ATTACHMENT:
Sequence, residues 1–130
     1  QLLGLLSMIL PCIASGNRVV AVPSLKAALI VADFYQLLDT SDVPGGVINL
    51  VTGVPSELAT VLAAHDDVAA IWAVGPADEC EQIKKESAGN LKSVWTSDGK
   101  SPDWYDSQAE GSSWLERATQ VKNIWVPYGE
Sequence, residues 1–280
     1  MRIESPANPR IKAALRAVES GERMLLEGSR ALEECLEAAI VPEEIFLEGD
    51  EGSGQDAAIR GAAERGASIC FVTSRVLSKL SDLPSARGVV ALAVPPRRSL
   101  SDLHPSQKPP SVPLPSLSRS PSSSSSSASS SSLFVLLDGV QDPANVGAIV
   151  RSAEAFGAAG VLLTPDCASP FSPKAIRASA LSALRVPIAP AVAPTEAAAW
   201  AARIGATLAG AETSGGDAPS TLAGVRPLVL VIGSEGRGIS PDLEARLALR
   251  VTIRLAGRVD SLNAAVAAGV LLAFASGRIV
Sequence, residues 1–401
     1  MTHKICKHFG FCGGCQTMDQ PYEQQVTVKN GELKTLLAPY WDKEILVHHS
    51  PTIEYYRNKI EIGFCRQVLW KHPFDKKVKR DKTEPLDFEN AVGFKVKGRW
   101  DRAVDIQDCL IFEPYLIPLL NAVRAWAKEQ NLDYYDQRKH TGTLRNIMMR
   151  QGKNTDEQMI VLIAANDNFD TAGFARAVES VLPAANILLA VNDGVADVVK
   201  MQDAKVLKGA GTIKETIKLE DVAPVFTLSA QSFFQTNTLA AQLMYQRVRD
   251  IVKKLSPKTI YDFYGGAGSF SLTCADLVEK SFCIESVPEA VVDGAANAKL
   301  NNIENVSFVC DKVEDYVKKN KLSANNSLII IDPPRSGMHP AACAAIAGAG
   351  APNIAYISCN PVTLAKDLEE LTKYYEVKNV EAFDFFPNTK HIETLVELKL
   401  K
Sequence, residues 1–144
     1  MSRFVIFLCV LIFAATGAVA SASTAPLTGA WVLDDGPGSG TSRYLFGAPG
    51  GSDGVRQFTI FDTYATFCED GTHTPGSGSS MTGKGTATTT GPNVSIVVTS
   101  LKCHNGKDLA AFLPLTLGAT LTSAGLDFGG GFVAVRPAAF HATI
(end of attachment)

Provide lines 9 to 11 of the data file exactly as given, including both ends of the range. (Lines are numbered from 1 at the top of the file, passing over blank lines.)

   151  RSAEAFGAAG VLLTPDCASP FSPKAIRASA LSALRVPIAP AVAPTEAAAW
   201  AARIGATLAG AETSGGDAPS TLAGVRPLVL VIGSEGRGIS PDLEARLALR
   251  VTIRLAGRVD SLNAAVAAGV LLAFASGRIV